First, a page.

All told there were eleven plastic owls including a few of the devious battery powered swivel headed variety!
Our sunset was pretty spectacular that evening as well.
Our first large monsoon event of the year had just swept around Brawley but had been causing flooding across the west side of Imperial Valley and was currently hammering Calipatria and Niland. The distant thunderheads in the following pictures were to our east. They increased in intensity well into the night and dumped over two inches of water across our thirsty desert in just a few hours. Quite a light show too! They caused severe flash flooding on both sides of the Colorado River and the closure of both Hwy 78 and Ogilby Roads in Eastern Imperial County.
See ya at the sea………………
Friday the 13th can’t be all bad if it brings water to a desert rat!
We had our first significant monsoon event here in the Imperial Valley this afternoon. Finally!! A strong cell swept up out of Mexico near the Mount Signal area and marched north across the west half of the valley and the desert with a direct aim at the center of the north end of the valley. As I type this the strong thunderstorm cell is north of Brawley and dumping on the south shores of the Salton Sea, Calipatria and Niland. I would have been in my Jeep racing to get ahead of it if it had not already outrun me!
Anyone with plans to bird the Salton Sea this weekend should use extra caution on all off pavement areas. Most of the roads should be drying nicely by morning if no more rain comes but all shoulders and lesser dirt roads should be avoided or approached with caution. Keep it in the middle and don’t go there if you can not see a good track of someone going there before you:-) I think the seawall itslef would be fine but getting to the west end of Bowles Road is probably not possible for a few days. Obsidian Butte would be crossable but do not try to make the loop around the north part of the island. Schrimpf Road between Garst and Davis where the Wood Stork are currently hanging out might not be accessible either.
In the immortal words of Craig Childs from his book “The Secret Knowledge of Water”. “There are two ways to die in the desert. Thirst and drowning.” It should be required reading for all who visit, live and play in the desert!
See ya at the sea…………
Jun 29, 2012 5:30 AM - 6:30 PM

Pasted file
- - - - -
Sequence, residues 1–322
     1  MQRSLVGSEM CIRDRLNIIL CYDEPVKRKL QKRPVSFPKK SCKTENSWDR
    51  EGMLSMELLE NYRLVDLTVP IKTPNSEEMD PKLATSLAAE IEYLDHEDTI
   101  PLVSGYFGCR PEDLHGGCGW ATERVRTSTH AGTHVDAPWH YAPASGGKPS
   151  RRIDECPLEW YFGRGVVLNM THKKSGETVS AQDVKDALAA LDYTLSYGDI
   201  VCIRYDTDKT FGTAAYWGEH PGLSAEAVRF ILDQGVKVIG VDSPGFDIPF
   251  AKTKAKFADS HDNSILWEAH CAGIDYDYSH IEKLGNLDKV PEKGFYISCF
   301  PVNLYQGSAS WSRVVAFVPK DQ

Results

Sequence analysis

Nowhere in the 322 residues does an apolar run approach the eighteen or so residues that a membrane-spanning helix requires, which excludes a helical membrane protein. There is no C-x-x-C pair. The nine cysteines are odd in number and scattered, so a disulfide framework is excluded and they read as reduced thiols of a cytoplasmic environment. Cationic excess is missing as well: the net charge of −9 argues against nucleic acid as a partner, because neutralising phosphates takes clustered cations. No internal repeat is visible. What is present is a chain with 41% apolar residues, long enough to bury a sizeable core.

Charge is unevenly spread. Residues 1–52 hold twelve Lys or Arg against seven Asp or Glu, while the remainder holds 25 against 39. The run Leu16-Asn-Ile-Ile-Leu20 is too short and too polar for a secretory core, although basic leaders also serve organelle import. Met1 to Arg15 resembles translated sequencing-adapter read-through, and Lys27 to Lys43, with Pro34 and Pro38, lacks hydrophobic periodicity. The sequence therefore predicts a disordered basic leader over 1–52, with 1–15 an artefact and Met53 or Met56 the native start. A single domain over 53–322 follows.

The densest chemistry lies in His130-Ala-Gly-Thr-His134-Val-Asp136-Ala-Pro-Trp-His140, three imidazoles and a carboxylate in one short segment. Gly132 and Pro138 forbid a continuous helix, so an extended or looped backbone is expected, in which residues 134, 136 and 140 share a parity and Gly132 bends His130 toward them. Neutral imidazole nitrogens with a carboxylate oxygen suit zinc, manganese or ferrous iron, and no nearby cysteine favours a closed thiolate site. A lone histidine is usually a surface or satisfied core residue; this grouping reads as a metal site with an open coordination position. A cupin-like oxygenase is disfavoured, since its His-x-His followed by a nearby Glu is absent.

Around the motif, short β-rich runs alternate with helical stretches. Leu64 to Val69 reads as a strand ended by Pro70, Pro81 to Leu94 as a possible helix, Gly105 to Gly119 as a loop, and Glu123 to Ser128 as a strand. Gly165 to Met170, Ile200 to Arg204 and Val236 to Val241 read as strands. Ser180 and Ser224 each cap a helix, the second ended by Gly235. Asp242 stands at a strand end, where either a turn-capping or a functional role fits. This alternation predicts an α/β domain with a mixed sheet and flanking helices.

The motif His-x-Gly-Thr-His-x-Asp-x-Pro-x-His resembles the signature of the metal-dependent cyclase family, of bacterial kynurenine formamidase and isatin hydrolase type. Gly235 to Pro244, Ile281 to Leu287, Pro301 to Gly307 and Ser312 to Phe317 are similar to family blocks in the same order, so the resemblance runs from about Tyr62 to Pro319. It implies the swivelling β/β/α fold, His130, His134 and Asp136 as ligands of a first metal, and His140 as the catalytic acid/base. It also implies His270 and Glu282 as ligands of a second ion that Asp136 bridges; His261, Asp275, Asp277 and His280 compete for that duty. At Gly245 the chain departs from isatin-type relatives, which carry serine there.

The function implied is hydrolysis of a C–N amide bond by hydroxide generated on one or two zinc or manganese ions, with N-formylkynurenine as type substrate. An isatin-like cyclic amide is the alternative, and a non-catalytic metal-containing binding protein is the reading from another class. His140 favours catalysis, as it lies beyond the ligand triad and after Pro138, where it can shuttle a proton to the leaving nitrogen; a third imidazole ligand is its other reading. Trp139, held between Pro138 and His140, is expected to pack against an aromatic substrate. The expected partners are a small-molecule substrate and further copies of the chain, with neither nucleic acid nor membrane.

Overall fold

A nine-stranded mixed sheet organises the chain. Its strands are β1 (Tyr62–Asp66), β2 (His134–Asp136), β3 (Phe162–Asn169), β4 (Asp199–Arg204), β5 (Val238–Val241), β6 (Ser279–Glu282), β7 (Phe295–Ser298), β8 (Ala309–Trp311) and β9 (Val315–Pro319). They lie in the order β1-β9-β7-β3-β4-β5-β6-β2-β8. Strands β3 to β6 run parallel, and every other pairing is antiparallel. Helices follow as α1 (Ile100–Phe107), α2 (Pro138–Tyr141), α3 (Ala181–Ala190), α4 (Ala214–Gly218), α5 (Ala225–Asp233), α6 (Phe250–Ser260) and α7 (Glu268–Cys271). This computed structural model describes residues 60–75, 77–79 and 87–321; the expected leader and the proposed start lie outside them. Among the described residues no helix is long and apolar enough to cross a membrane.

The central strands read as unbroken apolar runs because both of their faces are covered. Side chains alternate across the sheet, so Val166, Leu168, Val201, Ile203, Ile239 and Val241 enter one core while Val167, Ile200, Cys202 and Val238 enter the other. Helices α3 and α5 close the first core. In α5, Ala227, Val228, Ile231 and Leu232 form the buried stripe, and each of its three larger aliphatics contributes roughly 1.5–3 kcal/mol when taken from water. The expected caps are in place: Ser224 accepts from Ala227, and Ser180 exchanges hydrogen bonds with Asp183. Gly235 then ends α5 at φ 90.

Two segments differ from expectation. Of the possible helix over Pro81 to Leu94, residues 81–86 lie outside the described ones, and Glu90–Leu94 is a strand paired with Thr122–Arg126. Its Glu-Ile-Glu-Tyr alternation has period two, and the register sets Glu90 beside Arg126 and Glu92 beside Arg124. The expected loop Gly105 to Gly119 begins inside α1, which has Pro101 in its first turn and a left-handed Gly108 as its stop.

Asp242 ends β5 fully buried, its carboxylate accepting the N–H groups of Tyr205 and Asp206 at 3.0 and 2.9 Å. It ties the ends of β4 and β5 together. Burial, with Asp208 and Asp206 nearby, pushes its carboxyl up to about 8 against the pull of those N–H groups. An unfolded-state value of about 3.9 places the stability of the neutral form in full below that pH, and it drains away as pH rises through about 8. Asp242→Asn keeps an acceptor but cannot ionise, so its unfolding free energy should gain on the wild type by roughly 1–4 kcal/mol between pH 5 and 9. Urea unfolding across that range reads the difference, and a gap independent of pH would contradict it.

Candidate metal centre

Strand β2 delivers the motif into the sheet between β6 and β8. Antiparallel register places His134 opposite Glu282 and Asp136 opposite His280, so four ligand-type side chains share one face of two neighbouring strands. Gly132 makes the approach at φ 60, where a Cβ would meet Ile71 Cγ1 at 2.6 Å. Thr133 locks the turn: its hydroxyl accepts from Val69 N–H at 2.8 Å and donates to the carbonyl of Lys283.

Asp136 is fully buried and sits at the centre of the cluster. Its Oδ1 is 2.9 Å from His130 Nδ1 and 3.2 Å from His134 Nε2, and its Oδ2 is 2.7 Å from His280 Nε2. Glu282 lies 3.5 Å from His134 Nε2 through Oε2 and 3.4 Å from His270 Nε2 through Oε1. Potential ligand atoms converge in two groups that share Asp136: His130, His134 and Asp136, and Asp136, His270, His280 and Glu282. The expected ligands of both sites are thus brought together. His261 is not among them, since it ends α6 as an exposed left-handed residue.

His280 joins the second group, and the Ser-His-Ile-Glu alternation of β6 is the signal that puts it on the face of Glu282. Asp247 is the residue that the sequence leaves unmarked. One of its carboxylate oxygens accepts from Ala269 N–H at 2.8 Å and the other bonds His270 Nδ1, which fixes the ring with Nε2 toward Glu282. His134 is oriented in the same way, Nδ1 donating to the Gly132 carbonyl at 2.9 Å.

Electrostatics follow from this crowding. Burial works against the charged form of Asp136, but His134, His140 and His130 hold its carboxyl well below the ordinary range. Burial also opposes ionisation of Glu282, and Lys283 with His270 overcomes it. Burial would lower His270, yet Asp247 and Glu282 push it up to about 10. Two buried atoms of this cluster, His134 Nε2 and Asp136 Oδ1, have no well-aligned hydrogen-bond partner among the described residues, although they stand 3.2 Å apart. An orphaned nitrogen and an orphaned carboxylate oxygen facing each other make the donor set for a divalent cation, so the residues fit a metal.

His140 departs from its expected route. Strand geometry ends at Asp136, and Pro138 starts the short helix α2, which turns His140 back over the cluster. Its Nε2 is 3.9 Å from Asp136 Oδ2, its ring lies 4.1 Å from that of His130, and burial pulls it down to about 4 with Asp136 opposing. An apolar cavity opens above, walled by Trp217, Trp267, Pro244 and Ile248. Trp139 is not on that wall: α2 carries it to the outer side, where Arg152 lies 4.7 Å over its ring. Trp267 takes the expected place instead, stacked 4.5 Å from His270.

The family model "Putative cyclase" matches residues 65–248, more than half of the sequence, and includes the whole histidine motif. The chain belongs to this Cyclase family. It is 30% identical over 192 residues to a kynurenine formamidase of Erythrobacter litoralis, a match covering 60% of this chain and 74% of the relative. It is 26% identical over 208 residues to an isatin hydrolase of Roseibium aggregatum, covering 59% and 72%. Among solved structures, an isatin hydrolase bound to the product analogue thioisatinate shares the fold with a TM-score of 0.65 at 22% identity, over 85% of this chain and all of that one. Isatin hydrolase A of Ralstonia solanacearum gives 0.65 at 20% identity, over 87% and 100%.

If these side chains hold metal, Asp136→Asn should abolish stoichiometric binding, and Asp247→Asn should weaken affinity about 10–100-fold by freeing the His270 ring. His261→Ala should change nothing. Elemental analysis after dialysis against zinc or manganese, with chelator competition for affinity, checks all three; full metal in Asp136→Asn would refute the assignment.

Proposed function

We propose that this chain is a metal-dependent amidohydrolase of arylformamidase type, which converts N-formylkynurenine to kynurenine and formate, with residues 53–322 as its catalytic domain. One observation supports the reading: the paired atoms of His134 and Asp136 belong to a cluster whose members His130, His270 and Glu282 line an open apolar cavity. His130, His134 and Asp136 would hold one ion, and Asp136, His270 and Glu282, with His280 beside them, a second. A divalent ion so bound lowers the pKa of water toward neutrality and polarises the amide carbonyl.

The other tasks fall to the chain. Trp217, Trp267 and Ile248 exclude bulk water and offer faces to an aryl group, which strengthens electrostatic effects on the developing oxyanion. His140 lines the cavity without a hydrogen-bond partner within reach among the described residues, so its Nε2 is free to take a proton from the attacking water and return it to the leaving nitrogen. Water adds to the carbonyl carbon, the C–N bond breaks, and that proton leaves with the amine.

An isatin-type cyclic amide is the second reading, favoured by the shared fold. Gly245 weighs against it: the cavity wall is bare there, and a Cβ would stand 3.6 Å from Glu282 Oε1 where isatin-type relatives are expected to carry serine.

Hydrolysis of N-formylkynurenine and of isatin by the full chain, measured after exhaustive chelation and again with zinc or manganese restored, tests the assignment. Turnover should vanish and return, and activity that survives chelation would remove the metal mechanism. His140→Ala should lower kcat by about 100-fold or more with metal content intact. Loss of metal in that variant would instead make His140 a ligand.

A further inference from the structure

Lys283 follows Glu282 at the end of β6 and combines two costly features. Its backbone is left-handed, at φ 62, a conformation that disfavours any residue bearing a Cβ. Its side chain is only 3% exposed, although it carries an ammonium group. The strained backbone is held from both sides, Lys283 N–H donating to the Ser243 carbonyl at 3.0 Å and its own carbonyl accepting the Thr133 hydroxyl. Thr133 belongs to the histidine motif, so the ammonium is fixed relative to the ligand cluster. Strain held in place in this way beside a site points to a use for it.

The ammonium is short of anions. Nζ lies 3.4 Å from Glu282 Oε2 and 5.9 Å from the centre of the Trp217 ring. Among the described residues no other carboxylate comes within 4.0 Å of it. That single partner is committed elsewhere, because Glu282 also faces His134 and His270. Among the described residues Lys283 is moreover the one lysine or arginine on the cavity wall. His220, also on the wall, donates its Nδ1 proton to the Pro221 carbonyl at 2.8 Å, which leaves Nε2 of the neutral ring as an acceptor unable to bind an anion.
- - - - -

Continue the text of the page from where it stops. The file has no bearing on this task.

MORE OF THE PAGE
Birding day w/ Eric Peurell. West residential Brawley and Cattle Call Park. Carter and Fites. Seawall from Bowles Road to Obsidian Butte. SBSSNWR HQ. Garst, Schrimpf, Davis, Pound Roads to IID Manged Marsh. Sandwiches from United in Niland. Calipatria Stae Prison. Ramer, Finney, Wiest Lakes and west side of Alamo River north of Rutherford Road. Dogwood Road north to Carey Road.
Cinnamon Teal 36
(3) - (1) male and (2) female @ Bowles Road. The rest were in one large flock at the north end of Garst Road.
Blue-winged/Cinnamon Teal 2
male and female together @ Bowles Road. w/ CITE. Male was obvious with face pattern and this female stayed near it and seperate from the 3 CITE while in flight several times in about 30 minutes.
White-winged Scoter 1
along seawall north of Young Road about 11am. Seen again 20 minutes later still swimming north near the large dead tree at the geothermal plant on Lack Road.
Ruddy Duck 6
(1) along seawall at Young Road. (5) in pond at Calipatria State Prison.
Gambel’s Quail 20
Pied-billed Grebe 25
Very numerous on Finney and Ramer Lakes and a few in scattered locations.
Western Grebe 20
Finney and Ramer Lakes
Clark’s Grebe 10
Finney and Ramer Lakes
Wood Stork 13
Schrimpf Road between Garst and Davis
Double-crested Cormorant 500
American White Pelican 50
Brown Pelican 300
Great Blue Heron 50
Great Egret 50
Snowy Egret 30
Cattle Egret 2000
Green Heron 8
Black-crowned Night-Heron 20
White-faced Ibis 1000
Turkey Vulture 45
Both near Lack and Lindsey
American Kestrel 15
Peregrine Falcon 1
Along Hwy 86 about two miles north of Westmorland